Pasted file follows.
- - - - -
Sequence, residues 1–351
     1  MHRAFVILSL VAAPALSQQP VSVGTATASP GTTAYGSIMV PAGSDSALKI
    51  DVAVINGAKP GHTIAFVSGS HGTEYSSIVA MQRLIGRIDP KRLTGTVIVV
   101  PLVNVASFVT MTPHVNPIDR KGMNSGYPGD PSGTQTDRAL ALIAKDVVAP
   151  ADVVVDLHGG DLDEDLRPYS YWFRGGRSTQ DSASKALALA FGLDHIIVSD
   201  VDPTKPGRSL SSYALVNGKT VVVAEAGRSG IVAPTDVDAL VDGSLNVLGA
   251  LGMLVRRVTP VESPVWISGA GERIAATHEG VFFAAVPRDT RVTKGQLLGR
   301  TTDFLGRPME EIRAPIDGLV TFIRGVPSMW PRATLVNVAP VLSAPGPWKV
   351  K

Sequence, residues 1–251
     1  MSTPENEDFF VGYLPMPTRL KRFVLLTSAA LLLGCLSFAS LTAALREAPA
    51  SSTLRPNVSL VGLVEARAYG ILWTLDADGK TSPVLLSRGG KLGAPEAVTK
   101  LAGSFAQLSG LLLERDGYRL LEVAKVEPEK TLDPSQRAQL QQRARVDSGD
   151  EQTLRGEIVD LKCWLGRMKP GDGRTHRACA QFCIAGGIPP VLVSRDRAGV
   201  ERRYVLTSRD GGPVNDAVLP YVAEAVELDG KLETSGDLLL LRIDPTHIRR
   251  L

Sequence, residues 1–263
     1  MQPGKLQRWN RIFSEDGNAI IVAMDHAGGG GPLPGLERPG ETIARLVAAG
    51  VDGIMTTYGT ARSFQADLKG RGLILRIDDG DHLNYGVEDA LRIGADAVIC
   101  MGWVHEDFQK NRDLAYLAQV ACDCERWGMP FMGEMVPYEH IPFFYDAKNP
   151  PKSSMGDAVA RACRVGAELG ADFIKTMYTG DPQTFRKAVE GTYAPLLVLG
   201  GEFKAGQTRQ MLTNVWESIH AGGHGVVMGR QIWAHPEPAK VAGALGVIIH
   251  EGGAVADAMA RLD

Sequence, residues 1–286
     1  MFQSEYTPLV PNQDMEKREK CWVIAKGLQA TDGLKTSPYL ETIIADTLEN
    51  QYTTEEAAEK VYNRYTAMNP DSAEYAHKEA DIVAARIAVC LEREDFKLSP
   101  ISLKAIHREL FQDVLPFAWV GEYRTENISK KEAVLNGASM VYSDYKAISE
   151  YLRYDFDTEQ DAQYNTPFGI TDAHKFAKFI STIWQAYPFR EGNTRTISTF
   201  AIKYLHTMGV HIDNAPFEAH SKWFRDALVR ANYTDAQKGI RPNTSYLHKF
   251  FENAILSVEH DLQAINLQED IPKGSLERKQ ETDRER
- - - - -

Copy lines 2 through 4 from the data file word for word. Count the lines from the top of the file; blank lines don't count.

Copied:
     1  MHRAFVILSL VAAPALSQQP VSVGTATASP GTTAYGSIMV PAGSDSALKI
    51  DVAVINGAKP GHTIAFVSGS HGTEYSSIVA MQRLIGRIDP KRLTGTVIVV
   101  PLVNVASFVT MTPHVNPIDR KGMNSGYPGD PSGTQTDRAL ALIAKDVVAP